confidently enchantment explanation clothes Is your interest in this story awakened at once? What one comfort did Lena have? How did it help her through the long days? Who was Grimm? Which of his stories do you think Lena had specially in mind? Why does the author talk so much about Grimm at the beginning of the story? What connection has Grimm with the title? How does Lena's letter affect you? What expressions arouse your sympathy? Is the letter childlike? How does Fritz show his love for the child? For the mules? Do the German expressions and the dialect of the outlaws add to the interest? Why was Lena so willing to be carried off by a stranger? Does Lena's father feel any shame for his conduct? Does the story end as you expected? Does it seem impossible? How would you feel if you happened to be a member of the jury to try those robbers?
SUGGESTIONS FOR ORAL AND WRITTEN ENGLISH
THEME SUBJECTS What fairy tales particularly had Lena been reading? Tell one, making it as interesting as possible. Can you recall any fairy tales
that ended differently from what you expected? An unexpected ending is one of the characteristics of O. Henry's stories. Select an incident for a climax and try to end the story in a manner that will completely surprise the reader. Be careful that your ending is not impossible. Tell your favorite fairy tale. Dramatize it as suggested on page 106 in a simple form for children. The Story of the Finding of Lena (by one of the robbers). The Hold-up (as told by Fritz).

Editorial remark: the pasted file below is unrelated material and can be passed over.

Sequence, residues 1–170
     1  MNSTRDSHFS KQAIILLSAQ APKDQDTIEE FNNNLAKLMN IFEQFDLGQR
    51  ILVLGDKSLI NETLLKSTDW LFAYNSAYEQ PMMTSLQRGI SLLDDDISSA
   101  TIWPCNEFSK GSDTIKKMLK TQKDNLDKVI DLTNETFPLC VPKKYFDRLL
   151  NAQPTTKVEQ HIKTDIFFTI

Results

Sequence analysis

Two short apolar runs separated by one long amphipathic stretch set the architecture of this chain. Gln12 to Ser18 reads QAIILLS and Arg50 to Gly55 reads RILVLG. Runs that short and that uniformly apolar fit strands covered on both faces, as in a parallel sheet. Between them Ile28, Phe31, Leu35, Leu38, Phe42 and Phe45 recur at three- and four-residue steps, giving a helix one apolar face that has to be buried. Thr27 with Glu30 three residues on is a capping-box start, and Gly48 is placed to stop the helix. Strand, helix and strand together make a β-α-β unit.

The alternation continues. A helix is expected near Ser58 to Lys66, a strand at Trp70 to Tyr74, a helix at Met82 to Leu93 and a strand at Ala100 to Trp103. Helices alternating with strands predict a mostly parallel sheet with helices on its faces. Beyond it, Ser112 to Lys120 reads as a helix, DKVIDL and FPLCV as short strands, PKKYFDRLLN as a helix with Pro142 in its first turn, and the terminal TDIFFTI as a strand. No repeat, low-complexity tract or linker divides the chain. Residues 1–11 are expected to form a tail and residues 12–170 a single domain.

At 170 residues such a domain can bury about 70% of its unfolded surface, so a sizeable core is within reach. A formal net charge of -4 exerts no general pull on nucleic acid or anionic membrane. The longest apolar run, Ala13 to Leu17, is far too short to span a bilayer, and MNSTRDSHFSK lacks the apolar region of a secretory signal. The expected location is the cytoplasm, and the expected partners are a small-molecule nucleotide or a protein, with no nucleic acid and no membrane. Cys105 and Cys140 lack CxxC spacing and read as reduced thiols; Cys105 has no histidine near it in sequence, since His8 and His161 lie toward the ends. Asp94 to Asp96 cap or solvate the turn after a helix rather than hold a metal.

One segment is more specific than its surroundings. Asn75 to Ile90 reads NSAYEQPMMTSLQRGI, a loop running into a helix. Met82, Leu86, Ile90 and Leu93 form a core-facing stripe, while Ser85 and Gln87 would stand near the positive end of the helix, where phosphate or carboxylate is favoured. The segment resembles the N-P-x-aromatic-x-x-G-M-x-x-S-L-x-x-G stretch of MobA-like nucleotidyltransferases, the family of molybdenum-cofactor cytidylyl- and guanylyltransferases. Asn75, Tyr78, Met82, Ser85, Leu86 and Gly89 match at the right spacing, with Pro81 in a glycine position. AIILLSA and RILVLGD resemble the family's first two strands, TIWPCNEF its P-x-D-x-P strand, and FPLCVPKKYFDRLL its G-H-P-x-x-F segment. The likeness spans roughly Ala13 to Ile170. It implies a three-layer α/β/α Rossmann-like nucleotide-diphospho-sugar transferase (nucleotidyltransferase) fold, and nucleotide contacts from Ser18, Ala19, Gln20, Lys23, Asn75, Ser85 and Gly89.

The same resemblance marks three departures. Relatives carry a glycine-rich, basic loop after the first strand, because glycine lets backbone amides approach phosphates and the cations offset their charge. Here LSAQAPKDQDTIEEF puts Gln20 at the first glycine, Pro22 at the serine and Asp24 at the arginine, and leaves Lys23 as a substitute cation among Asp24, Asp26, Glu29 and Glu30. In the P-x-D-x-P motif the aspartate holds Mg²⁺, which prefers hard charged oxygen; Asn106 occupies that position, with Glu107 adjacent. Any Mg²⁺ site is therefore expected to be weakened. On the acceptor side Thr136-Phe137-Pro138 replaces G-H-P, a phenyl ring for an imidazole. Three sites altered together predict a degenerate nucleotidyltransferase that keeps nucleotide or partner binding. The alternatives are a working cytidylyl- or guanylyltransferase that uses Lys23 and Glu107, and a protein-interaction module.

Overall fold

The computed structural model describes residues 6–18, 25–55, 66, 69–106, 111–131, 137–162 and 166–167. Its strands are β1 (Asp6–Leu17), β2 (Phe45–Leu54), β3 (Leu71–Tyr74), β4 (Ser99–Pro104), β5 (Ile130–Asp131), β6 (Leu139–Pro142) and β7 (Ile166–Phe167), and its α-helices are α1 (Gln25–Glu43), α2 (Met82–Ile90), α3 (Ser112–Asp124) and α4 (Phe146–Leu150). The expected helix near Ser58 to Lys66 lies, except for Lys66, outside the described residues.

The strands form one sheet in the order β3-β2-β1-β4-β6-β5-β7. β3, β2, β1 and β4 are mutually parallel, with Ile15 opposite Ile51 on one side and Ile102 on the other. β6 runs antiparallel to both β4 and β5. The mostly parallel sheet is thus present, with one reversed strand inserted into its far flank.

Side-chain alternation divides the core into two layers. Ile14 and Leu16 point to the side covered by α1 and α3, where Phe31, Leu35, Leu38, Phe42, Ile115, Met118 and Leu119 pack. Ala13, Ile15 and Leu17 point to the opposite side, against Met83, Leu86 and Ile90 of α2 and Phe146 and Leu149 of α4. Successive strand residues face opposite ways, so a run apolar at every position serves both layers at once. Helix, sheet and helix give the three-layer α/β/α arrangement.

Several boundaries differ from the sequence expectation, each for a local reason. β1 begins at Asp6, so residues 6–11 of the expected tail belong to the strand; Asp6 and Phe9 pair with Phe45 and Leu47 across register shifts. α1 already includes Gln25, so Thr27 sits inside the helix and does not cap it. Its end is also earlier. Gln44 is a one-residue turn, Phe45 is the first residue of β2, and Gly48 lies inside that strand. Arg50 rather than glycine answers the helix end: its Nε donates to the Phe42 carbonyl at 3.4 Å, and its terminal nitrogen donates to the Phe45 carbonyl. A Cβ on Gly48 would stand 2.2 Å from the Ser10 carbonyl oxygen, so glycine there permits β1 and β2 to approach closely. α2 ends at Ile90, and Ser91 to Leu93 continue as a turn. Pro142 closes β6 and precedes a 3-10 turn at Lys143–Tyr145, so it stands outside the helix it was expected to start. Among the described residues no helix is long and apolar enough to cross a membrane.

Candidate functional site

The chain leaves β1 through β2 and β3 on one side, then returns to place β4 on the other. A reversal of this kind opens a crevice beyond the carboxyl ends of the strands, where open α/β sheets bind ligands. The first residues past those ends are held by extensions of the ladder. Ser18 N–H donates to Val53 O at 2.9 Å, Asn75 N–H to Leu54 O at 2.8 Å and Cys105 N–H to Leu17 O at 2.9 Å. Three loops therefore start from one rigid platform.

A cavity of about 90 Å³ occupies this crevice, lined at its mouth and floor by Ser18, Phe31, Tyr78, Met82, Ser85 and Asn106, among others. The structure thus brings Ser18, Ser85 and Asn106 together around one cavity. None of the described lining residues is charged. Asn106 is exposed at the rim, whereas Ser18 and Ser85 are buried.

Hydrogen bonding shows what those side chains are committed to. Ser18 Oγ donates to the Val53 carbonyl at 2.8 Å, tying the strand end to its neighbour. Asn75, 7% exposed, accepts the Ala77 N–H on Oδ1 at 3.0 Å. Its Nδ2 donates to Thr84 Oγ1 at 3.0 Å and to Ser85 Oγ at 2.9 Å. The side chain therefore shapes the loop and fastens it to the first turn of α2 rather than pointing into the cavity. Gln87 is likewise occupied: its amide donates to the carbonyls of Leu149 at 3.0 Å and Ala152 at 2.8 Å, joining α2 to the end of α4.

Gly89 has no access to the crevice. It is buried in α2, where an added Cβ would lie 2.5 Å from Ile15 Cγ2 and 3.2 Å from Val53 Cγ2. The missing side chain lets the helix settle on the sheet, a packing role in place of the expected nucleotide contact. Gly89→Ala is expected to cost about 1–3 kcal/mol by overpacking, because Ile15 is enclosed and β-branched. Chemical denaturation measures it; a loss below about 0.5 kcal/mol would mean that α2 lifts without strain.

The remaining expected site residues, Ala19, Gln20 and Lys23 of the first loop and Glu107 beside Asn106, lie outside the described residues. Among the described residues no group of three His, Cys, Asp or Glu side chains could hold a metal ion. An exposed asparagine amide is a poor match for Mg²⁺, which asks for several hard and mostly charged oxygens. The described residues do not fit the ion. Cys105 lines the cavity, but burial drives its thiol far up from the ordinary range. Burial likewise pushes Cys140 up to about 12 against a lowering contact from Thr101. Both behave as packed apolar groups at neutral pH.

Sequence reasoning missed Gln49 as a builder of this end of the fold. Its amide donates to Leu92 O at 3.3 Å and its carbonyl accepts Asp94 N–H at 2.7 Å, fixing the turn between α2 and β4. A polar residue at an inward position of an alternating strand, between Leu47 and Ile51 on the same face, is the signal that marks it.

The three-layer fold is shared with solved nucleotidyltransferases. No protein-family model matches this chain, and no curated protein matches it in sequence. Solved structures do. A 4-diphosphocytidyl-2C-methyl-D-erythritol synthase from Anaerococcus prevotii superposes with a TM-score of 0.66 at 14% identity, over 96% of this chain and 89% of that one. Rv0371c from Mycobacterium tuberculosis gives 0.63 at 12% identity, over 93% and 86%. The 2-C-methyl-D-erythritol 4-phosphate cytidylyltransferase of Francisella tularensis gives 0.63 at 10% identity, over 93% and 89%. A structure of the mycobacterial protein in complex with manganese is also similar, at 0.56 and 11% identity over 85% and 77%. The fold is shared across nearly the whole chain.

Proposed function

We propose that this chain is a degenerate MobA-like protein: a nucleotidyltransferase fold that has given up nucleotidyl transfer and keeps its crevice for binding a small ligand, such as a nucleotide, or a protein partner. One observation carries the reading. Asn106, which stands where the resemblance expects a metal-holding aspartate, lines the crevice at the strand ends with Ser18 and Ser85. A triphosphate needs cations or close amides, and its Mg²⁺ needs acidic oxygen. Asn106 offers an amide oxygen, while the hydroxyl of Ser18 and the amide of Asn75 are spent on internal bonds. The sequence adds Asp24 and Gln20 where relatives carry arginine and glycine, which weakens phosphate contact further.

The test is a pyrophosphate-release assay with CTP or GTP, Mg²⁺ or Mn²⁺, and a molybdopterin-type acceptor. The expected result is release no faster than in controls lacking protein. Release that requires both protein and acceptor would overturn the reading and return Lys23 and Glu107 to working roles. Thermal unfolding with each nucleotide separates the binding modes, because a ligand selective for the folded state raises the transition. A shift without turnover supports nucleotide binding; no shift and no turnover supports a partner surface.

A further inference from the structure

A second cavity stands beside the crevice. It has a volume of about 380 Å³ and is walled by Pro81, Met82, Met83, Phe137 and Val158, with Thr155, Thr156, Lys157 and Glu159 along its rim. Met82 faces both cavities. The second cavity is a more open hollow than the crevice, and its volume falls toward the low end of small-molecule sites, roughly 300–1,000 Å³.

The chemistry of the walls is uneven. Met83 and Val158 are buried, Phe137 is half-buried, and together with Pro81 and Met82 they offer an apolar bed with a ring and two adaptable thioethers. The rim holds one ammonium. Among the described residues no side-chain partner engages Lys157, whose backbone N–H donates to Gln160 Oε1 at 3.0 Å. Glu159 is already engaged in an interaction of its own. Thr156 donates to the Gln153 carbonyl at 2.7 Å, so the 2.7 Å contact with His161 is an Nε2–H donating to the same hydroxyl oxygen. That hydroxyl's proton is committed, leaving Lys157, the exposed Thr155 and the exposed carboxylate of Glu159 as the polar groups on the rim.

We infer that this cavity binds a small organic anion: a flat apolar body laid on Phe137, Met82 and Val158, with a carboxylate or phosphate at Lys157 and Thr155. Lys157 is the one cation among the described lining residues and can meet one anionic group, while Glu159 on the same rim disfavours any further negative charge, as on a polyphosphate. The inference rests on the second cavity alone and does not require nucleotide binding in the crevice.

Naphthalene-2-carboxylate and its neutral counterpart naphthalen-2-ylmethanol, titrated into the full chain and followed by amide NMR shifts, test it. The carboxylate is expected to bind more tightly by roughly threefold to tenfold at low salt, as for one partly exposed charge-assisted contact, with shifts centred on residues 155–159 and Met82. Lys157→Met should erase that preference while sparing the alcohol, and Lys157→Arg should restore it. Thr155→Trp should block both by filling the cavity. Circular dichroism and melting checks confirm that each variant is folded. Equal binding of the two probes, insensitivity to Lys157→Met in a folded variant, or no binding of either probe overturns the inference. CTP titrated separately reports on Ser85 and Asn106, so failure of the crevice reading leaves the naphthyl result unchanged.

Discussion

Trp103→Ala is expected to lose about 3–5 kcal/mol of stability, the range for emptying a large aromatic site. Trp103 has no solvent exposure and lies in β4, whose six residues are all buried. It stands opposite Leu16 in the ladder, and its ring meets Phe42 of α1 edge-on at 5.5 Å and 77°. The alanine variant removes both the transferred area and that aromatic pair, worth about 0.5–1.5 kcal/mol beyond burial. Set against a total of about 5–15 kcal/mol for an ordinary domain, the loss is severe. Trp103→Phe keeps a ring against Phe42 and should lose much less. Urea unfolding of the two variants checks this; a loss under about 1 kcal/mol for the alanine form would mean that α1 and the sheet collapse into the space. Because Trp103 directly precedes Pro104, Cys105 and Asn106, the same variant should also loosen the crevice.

How I Help at Home. Some Child Labor Laws in my State. The Best Way to Wash Dishes. The Advantages of a Lively Im Rural Delivery. agination.
In the Days of the Stagecoach. Some Disadvantages of a Lively Im- Autobiography of a Letter. agination.
The Parcel Post.
SUGGESTIONS FOR ADDITIONAL READINGS
In Grimm's Fairy Tales: Cinderella, Beauty and the Beast, Snowdrop, Tom Thumb, The Seven Ravens, Rumpelstiltskin, The Youth Who Could Not Shudder, Hansel and Gretel.
THE OLD HUSBAND AND THE YOUNG WIFE 1
RICHARD BRINSLEY SHERIDAN
Richard Brinsley Sheridan (1751-1816) was born in Dublin and educated at the famous English school of Harrow. He was successful both as a dramatist and as a statesman. His two plays, The Rivals (1775) and The School for Scandal (1777), are noted for their realistic portrayal of eighteenth-century life and customs. He died in 1816 and was buried in Westminster Abbey.
From 1642, when the Puritans closed the theaters, until 1890, only three plays were written which are much read or acted to-day. The three are these two by Sheridan, and one by Oliver Goldsmith, She Stoops to Conquer (1773). See also:
Halleck's New English Literature, pp. 210, 262–264, 337.
Sir Peter Teazle. But here comes my helpmate! She appears in great good humor. How happy I should be if I could tease her into loving me, though but a little!
Enter LADY TEAZLE. Lady Teazle. Lud! Sir Peter, I hope you haven't been quarreling with Maria ? It is not using me well to be ill humored when I am not by.
Sir Peter. Ah, Lady Teazle, you might have the power to make me good humored at all times.
Lady Teazle. I am sure I wish I had; for I want you to be in a charming sweet temper at this moment. Do be good humored now, and let me have two hundred pounds, will you?
1 From The School for Scandal.